A couple weeks ago, everyone woke up to the fact that Google/Nest had ended support for the Revolv hubs (I say woke up because the news had actually been out there for a few months, and it was something I mentioned in February).
Nest had acquired Revolv as an acqui-hire move and had kept support going for some time, but eventually decided to end support for the product, the associated cloud and app, effectively bricking the hub. This "bricking" sparked a whole lot of momentary outrage, and the fallout of the Revolv bricking was enough for Google/Nest to relent and offer to make good for consumers who had shelled out hundreds of dollars for their new doorstops. Now when you visit the Revolv website, you'll see that the company is offering refunds of the purchase price for the Revolv.
I mention all this because it looks like we're likely at the beginning (or maybe even the middle) of the end for another smart home platform in Staples Connect. Why do I say this? First off, all the usual signs of abandonment of a product line are there, including:
Social media death. The Staples Connect Twitter account was alive and fairly active until August of last year, when everything suddenly stopped.
The Hub is gone. When you go to Staples.com, it's impossible to find the hub itself and the "Staples Connect" kits are out of stock. Clicking "buy" on the Staples Connect Hub on the Staples Connect splash site is a dead end as well.
Staples Connect is no longer in stores. While I haven't called every store, my call today didn't go so well.
Support may be ending... Perhaps most important, it looks like they may be pulling support for the product. While I've yet to get official confirmation of this (I've got some requests in), the Staples Connect support site has a few posts indicating the company has pulled support for the product. While this isn't as bad as a full bricking, it's almost as bad as the device will likely just stop working as the software, app and in-field ecosystem ages. (h/t to Smart Home Show listener Brian Skeens for the tip).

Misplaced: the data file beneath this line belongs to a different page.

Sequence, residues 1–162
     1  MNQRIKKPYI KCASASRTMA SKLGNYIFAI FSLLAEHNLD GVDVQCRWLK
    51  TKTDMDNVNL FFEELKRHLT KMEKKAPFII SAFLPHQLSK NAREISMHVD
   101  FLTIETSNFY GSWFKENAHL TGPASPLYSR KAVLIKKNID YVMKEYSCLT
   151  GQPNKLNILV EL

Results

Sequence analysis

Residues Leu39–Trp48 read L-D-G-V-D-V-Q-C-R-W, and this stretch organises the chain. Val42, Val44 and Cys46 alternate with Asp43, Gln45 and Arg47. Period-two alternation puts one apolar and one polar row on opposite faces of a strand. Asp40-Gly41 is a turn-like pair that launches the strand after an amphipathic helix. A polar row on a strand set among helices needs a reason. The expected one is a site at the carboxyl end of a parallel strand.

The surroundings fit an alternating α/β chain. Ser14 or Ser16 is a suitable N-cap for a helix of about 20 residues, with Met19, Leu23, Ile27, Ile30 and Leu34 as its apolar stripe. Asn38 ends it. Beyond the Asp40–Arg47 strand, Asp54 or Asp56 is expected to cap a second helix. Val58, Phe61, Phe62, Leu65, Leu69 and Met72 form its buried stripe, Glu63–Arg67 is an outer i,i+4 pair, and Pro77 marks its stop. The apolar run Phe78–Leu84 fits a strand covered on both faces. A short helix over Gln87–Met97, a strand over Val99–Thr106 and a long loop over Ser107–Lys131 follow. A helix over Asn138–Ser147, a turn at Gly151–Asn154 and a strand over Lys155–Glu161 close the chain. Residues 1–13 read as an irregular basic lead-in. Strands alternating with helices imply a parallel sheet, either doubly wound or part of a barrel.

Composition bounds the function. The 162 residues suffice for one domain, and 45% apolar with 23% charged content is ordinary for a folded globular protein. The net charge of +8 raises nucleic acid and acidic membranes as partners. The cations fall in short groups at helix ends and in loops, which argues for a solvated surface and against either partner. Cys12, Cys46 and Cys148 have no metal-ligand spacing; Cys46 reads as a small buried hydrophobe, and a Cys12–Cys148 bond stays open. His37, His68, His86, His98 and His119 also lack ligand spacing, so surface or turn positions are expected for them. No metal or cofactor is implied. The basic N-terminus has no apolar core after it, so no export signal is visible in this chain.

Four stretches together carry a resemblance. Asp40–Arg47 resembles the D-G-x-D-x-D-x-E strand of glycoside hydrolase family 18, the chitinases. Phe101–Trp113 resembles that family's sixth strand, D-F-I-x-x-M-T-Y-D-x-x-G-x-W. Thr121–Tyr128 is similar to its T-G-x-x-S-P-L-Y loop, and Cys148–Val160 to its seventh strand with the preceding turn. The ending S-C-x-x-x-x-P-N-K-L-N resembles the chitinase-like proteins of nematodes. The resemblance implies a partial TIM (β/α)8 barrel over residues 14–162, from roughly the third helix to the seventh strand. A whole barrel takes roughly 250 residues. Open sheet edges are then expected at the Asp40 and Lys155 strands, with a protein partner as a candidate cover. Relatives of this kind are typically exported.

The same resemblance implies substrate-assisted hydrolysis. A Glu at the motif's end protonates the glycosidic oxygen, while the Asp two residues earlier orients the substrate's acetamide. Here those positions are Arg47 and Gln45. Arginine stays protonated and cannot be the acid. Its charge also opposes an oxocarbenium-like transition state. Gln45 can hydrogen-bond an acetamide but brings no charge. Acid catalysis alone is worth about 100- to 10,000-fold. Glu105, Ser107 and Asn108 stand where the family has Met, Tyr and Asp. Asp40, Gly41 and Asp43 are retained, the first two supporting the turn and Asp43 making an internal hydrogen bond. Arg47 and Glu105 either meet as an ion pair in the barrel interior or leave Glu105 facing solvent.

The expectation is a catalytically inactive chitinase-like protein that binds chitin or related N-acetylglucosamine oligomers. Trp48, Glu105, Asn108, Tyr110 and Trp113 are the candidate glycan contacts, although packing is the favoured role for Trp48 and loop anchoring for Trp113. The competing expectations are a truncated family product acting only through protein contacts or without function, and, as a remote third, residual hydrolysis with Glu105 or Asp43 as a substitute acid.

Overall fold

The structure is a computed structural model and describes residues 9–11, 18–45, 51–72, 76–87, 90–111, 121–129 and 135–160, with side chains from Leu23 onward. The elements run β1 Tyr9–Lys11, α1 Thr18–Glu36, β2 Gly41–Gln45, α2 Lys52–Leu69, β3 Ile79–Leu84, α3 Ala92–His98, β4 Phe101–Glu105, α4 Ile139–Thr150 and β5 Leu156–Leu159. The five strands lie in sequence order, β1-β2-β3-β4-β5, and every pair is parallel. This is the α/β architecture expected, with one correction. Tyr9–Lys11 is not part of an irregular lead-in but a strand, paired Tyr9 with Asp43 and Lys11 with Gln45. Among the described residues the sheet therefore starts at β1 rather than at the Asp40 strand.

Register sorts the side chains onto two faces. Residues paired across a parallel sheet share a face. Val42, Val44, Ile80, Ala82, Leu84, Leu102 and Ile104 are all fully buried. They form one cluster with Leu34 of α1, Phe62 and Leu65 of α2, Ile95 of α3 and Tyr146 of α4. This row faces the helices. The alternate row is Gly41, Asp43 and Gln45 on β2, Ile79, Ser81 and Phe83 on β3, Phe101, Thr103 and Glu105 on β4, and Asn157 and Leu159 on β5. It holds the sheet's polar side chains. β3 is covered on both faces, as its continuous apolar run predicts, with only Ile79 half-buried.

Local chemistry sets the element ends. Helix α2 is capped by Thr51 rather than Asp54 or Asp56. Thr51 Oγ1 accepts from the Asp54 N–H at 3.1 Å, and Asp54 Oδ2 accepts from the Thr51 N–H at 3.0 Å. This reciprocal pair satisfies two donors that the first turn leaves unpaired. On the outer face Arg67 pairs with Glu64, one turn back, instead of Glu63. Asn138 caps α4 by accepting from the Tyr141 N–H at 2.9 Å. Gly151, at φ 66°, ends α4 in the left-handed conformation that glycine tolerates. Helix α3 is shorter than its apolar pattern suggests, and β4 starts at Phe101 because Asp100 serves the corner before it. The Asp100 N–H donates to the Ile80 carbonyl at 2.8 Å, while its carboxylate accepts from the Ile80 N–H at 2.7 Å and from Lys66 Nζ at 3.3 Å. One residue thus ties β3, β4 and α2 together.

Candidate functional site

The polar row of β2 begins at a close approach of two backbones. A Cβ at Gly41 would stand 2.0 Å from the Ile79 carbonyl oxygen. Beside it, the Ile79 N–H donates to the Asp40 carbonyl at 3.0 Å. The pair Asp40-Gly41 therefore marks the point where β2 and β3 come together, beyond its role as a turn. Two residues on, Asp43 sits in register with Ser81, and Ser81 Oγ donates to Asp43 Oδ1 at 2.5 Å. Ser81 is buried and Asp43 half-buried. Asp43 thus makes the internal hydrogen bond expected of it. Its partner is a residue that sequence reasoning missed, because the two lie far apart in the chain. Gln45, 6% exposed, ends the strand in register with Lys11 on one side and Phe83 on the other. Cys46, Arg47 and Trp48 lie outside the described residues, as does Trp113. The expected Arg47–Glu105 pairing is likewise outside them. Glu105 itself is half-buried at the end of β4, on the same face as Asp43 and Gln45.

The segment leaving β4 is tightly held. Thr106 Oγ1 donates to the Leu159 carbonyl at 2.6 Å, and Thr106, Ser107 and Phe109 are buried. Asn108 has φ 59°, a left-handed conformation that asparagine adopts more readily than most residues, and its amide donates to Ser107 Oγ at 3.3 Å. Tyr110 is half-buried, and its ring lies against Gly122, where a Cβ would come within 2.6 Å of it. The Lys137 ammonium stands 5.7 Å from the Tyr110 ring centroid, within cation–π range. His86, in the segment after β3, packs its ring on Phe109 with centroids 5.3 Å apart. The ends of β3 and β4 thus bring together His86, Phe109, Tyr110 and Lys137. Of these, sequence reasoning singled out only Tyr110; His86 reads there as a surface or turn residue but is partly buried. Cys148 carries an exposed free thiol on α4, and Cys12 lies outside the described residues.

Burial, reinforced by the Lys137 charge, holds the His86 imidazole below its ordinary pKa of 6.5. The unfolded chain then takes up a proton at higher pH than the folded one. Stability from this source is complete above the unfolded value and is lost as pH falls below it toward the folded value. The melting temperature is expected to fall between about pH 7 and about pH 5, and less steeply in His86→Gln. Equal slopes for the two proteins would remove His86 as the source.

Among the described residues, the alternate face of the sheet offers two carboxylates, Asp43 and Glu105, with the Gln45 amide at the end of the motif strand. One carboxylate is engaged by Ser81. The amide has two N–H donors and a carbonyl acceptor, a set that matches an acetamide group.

In retrospect, Staples was an odd fit for developing its own smart home product. Unlike Lowe's, which is at least a retailer that is focused on the home, Staples is an office supply store, and so pushing a product line tailored towards home automation was a bit of a stretch and probably didn't resonate with folks looking for toner and reams of paper.
And while Connect may have been doomed from the start, the company's lackluster promotion of the platform and, more recently, the ghost town that is the Staples Connect website certainly doesn't help.
The company that provided the core technology behind Connect, Zonoff, has moved on to other products (such as the LG smart security hub), but they've even stated on social media it's up to Staples to stay committed to the product.
Which, by the looks of it, they're not.
UPDATE (4/20/16): Looks like they read this post. They posted an update about an upcoming announcement about the future of Staples Connect. See here for more details.
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